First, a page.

For those analysts who deal with the reality of modern China, a whole new raft of analytical studies about Xi’s moves within China – and his dramatic changes to Chinese national policy and orientation – are providing a new level of understanding of what the Xi presidency means to China, and the world.
There is a slew of such analyses to draw on but one of the best, which brings much of the work together in a coherent whole, is a recent paper for the Asia Society by Rudd entitled Xi Jinping’s Pivot to the State. Rudd rightly argues that ideology is much more important in modern China, and certainly in understanding Xi, than most Western analysts realise.
Rudd doesn’t use these words but in effect Xi’s historic project is the full-scale restoration of orthodox communist ideology, root and branch, throughout every sector of Chinese life.
The demise of Soviet communism was emphatically not the demise of Chinese communism. All of Xi’s actions, Rudd argues, are linked by a “red thread”.
Rudd attributes Xi’s big moves to three causes: ideology, demographics and economic decoupling from the US. I have my disagreements with Rudd on different things, but he is a superb analyst of China. His paper outlines a wide range of economic actions Xi has recently taken that have wiped more than $US1 trillion off the stockmarket value of Chinese tech companies, shut down numerous profitable digital services, and effectively shut down the nation’s vast private tutorial sector. There have also been social moves, such as calling for an end to the portrayal of “effeminate sissy men” on television.
All of the economic measures indicate Xi is reversing the long-term Chinese reform agenda of allowing the market to allocate a good deal of resources and the private sector to grow. Xi is determined to refashion the Chinese economy, with state entities dominant and growing, and with absolute Communist Party control of the economy and society.
Xi is determined to end the influence of private-sector billionaires, to redistribute income, and to increase central control. His New Development Concept involves a so-called dual circulation economy that will reduce China’s exposure to trade.
At the same time, he wants the sheer size of the Chinese economy to act as a “giant gravitational field” which pulls in and dominates the world economy, so that China is simultaneously more dominant but less exposed.
In Rudd’s view, Xi is moving the economy to the left, meaning more state control, and nationalism to the right, becoming more strident and belligerent. Not only is Xi pivoting the economy to state control but, within the governing structures of China, the Communist Party is more important than the formal organs of the state, and dominates them.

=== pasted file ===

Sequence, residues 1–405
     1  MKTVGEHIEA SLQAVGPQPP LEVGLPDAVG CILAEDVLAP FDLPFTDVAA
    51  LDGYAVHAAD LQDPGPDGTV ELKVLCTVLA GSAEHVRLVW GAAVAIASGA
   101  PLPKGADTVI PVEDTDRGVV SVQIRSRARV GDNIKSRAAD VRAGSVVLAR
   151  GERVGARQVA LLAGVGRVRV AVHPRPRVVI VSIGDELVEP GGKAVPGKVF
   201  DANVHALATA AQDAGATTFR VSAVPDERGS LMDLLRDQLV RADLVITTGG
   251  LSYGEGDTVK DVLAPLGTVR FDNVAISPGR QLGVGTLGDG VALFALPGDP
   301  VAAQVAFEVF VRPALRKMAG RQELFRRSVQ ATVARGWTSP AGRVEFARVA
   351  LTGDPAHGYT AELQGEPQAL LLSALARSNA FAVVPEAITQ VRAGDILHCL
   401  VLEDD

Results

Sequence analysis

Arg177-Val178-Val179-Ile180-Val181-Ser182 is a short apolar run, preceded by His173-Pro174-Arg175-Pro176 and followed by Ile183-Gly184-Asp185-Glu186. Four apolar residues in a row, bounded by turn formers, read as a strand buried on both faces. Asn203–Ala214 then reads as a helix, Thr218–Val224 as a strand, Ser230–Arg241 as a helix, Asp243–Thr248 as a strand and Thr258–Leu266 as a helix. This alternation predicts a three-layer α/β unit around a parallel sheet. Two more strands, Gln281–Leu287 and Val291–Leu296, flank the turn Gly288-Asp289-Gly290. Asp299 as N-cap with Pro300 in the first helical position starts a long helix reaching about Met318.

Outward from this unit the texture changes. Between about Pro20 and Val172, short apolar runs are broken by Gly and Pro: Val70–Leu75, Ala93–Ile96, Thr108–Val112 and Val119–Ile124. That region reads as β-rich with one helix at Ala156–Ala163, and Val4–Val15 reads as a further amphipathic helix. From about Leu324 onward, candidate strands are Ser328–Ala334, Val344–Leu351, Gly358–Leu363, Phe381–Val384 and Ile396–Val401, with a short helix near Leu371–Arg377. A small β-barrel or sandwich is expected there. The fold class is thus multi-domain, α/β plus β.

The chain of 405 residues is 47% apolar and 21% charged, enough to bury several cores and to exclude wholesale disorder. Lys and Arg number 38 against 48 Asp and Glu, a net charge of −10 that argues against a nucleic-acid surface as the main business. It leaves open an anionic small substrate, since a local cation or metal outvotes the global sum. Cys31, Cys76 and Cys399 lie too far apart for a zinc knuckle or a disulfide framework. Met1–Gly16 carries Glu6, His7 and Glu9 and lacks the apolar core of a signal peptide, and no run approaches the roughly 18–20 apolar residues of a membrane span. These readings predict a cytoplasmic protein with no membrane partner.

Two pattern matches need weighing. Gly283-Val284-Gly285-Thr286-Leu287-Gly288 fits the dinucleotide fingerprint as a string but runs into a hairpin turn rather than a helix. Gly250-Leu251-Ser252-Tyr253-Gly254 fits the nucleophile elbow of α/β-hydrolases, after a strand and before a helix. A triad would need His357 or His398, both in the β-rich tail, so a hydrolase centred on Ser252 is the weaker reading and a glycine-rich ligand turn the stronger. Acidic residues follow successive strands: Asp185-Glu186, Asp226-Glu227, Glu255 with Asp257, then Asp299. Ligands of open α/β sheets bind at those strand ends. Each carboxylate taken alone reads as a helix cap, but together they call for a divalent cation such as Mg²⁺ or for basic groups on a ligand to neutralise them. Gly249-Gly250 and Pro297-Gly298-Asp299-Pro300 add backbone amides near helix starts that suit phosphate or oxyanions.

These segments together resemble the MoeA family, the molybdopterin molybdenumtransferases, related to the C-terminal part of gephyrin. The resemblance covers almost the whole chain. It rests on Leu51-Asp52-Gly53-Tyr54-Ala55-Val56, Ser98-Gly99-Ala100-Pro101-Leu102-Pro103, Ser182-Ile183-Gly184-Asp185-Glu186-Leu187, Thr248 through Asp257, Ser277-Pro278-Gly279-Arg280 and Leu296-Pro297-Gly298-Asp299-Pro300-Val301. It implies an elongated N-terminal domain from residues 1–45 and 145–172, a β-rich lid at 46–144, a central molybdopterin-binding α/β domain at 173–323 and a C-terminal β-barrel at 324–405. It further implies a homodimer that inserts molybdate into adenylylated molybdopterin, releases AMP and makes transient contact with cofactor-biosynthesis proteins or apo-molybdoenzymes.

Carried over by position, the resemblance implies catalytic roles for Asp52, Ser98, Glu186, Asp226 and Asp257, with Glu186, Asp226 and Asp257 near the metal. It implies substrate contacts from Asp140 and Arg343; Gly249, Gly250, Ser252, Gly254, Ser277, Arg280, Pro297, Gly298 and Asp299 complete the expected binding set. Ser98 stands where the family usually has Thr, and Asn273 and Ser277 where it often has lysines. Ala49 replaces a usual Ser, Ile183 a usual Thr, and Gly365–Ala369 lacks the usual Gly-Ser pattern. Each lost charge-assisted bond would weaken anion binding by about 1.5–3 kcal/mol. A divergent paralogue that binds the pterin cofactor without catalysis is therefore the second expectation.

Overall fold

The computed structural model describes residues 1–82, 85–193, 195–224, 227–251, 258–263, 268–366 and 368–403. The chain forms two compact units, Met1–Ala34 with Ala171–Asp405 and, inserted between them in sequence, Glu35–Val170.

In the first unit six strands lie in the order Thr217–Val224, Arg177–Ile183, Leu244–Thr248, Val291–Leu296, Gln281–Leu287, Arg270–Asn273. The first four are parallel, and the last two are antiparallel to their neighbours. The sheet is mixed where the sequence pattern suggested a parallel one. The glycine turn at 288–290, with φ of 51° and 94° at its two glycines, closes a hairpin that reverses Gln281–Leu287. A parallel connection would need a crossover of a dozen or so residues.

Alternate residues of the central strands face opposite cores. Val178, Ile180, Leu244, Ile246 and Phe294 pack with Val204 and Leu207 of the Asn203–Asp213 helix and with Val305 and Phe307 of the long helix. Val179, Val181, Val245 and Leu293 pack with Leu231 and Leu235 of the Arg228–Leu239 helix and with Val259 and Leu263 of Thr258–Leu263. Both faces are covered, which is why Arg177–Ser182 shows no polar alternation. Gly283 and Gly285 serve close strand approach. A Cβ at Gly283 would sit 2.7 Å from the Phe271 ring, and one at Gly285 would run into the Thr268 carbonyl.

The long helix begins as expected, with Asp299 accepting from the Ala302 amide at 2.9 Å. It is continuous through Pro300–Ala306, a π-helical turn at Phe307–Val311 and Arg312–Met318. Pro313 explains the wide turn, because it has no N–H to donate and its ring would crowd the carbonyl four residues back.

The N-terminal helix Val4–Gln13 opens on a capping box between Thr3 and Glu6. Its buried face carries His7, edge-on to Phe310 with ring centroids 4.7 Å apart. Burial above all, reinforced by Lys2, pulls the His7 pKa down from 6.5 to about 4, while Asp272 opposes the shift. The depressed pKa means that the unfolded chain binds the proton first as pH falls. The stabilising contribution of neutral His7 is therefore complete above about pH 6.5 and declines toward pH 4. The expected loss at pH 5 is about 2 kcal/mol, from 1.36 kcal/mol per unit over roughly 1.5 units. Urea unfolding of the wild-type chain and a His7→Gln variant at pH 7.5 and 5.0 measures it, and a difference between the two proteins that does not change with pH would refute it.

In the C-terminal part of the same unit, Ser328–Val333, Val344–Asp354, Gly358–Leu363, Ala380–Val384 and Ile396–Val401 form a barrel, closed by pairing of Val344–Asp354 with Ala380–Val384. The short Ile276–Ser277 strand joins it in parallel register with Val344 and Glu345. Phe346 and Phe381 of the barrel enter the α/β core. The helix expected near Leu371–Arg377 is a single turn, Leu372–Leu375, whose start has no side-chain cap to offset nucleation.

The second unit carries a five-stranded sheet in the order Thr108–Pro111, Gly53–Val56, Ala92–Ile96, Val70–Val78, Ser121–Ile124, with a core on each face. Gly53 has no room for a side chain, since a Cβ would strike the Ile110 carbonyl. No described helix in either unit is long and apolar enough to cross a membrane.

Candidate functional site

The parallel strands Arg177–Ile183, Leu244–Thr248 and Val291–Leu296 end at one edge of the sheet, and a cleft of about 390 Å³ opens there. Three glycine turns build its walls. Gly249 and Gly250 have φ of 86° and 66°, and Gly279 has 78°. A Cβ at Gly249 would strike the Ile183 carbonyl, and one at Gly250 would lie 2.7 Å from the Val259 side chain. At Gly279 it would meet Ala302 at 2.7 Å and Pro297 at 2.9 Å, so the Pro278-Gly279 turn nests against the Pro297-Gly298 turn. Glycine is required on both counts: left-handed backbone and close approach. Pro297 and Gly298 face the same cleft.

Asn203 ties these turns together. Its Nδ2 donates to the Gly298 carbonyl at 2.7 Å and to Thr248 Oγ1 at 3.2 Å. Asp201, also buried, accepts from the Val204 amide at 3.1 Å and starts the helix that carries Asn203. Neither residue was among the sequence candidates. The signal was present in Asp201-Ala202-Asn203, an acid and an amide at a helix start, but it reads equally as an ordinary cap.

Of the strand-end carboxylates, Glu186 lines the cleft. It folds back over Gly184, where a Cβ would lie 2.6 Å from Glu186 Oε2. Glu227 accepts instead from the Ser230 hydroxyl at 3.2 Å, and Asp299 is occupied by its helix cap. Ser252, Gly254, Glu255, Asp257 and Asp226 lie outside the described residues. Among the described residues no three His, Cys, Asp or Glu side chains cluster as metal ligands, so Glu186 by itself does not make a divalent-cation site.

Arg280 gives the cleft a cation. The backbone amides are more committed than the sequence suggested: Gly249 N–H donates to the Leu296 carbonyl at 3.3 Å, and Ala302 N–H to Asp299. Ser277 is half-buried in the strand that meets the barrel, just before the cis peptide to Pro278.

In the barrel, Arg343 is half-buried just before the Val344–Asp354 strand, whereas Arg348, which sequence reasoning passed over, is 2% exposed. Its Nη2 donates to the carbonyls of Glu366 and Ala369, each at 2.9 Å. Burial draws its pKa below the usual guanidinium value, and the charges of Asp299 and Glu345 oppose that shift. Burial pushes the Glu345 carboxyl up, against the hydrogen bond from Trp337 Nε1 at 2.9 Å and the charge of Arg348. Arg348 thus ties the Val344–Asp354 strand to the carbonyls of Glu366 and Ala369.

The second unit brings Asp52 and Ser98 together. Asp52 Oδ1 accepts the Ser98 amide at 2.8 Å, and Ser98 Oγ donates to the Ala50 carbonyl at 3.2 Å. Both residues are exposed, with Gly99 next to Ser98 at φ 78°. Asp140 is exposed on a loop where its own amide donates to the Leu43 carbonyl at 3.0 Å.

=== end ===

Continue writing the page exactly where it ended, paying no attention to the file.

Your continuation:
State-owned enterprises are being expanded and increasingly are taking equity shares in what were once private-sector Chinese companies.
Xi interprets modern communist history as encompassing three eras: under Mao Zedong China “stood up”; under Deng Xiaoping it “grew rich”; and under Xi it will “become powerful”. In 2013, the party notionally decided to emphasise the private sector, but Xi has been rowing back against that ever since he assumed office in 2012, and the direction was formally reversed in 2017.
Xi seems driven by great urgency. This might be because of his nature, or his age. In his late 60s, he might feel that there is a limited amount of time to accomplish what he wants.
But Xi is also driven by what he sees as contradictory elements of both opportunity and danger in the external environment. Xi, like the rest of the Chinese leadership, is convinced of Western decline, especially US decline. At the same time, Beijing is scared of US military capabilities and mindful of the US’s hi-tech virtuosity, relatively strong economic growth and, until the Covid pandemic, high population growth.
China, on the other hand, faces steep demographic decline. Rudd reports that China’s fertility rate now stands at 1.3, below even Japan’s. Soon it will face huge demands on retirement income, health expenditure and a declining population and workforce.
The most important take-out is that Xi is leading a powerful resurgence of communist ideology. This already dominates Chinese politics. Xi is bringing it to dominance in the Chinese economy, and it increasingly dominates Chinese foreign policy.
Rudd doesn’t say this but communism in foreign policy is traditionally paranoid, belligerent and militaristic. Most analysts think Xi’s economic and social policies will harm the Chinese economy. Combined with aggression abroad, that’s an extremely dangerous combination.
A final thought: it certainly justifies AUKUS.